Jay Sousa: Photography

December 13, 2013

Jay Sousa: Professional photography requires education, training

Big changes have come to professional photography, making it a challenging career choice for anyone these days, but the key to success is getting the education and training necessary to delivery high-quality images.

As I enter into my 35th year as a full-time professional photographer, I have been thinking about how much the business of photography has changed over the years.

Many portrait and wedding studios that once thrived are now a thing of the past. Recently one of the largest operators of photography studios, The St. Louis-based CPI Corp., which ran portrait studios nationally in Sears, Wal-Mart and Babies R Us stores, shuttered their operations and filed for bankruptcy.

Many factors are to blame, including the digital revolution. Lower prices for amateur-level digital cameras, a huge influx of amateur photographers trying to break into the field, and the “do-it-yourself” mentality of the times have all taken a big toll on the portrait studio industry.

Add in a still-bad economy and you have the perfect storm for the collapse of an industry. I feel very fortunate that I am still able to make a good living doing photography full-time.

Years ago I branched out into school photography, and that has been very good for my business, along with corporate and commercial work, high-end old master-style studio portraiture and a few quality weddings.

If I were a young photographer just starting out with aspirations of supporting a family by doing portraits and weddings on a full-time basis, I would have to think hard and long about it.

I am not saying that it is impossible, but a photographer wanting to do well in this profession needs to be not only an exceptional image maker but also have great people, business and marketing skills.

There is much more to producing a professional portrait than putting a subject in front of a bush at a local park and firing away, hoping for one good photo.

A true professional knows how to make his clients look great using good corrective lighting, posing and clothing, and saying the right things to get the perfect expression.

In the past, I have made the distinction between a pro and an amateur using golf as an analogy. I see on various Facebook pages for photographers that you should hire them because they are “passionate” about photography.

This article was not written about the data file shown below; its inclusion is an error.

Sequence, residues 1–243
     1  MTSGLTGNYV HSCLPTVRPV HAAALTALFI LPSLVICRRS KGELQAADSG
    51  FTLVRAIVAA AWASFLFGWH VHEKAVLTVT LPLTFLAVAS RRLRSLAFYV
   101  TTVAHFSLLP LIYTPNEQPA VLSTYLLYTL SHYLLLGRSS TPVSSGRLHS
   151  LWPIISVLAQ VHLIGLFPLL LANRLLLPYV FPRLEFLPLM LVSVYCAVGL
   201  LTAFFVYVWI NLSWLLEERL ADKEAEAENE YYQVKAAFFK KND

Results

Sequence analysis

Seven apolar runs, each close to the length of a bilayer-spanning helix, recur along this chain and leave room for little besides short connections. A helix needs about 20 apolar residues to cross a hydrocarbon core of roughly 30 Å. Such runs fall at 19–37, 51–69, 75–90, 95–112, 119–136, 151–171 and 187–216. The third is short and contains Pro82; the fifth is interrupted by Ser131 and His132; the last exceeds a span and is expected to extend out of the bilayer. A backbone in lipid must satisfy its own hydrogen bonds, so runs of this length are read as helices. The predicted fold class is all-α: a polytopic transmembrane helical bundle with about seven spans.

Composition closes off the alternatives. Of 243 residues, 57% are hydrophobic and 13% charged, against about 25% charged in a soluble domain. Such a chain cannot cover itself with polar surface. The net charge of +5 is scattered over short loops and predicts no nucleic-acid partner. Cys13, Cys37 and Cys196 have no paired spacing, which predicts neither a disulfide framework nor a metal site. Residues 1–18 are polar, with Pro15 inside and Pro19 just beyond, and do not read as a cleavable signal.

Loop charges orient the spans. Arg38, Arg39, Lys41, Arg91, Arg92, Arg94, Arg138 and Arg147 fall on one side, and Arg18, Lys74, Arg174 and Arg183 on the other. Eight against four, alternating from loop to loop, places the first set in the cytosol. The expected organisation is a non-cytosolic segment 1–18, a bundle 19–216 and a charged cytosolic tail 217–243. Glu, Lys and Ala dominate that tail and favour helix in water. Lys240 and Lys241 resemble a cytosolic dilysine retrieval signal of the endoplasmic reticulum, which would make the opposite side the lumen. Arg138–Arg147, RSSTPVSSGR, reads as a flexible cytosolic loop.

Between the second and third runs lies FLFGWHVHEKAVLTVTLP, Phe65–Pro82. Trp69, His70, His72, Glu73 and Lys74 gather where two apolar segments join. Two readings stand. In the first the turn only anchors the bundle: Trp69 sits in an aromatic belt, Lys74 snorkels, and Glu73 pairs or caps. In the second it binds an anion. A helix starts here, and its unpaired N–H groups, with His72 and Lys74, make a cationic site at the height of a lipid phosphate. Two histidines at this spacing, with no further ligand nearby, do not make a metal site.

I love to play golf, to the point of being “passionate” about the game. Does that mean that I can go pro? Of course not. I might make a pro-quality shot three or four times a round, but at the end of the game my score is not even close to a pro’s score.

Same thing with photography – a real professional will make beautiful images almost every time, whereas an inexperienced amateur might get lucky a few shots every hundred.

I recently stumbled across a website devoted to bad photography: www.youarenotaphotographer.com. At first I was amused by all of the horrible photography the creator of this website has found online, mostly from Facebook pages.

But then I became sad to see how low photography has sunk in terms of quality. I am afraid that the general public will start settling for less.

So, what is the answer? In my opinion, it’s education. I don’t begrudge anyone from following his or her dream to become a professional photographer. While many outstanding professional photographers are self-taught, the quickest way to improve is to take some classes.

I will be offering a short-term basic digital photography class through Merced College Community Service office. This class runs three Saturdays from 9 a.m. to noon starting Jan. 18. To register, call (209) 384-6224.

It is a long road to learn how to create beautiful, classy, meaningful and timeless pro-quality images. It takes hard work, practice and dedication. I encourage all who have that drive to pursue that dream. Just don’t advertise yourself as a pro before you are ready – in the end it could backfire.

On a final note, this will be my last Rangefinder column. When I started writing this column in July 2011, I figured that I had enough material for a year. Now, almost 21/2 years later, it is time to retire the Rangefinder. I hope that you have enjoyed reading the column as much as I have enjoyed writing it, and that you have learned a bit about photography and me.

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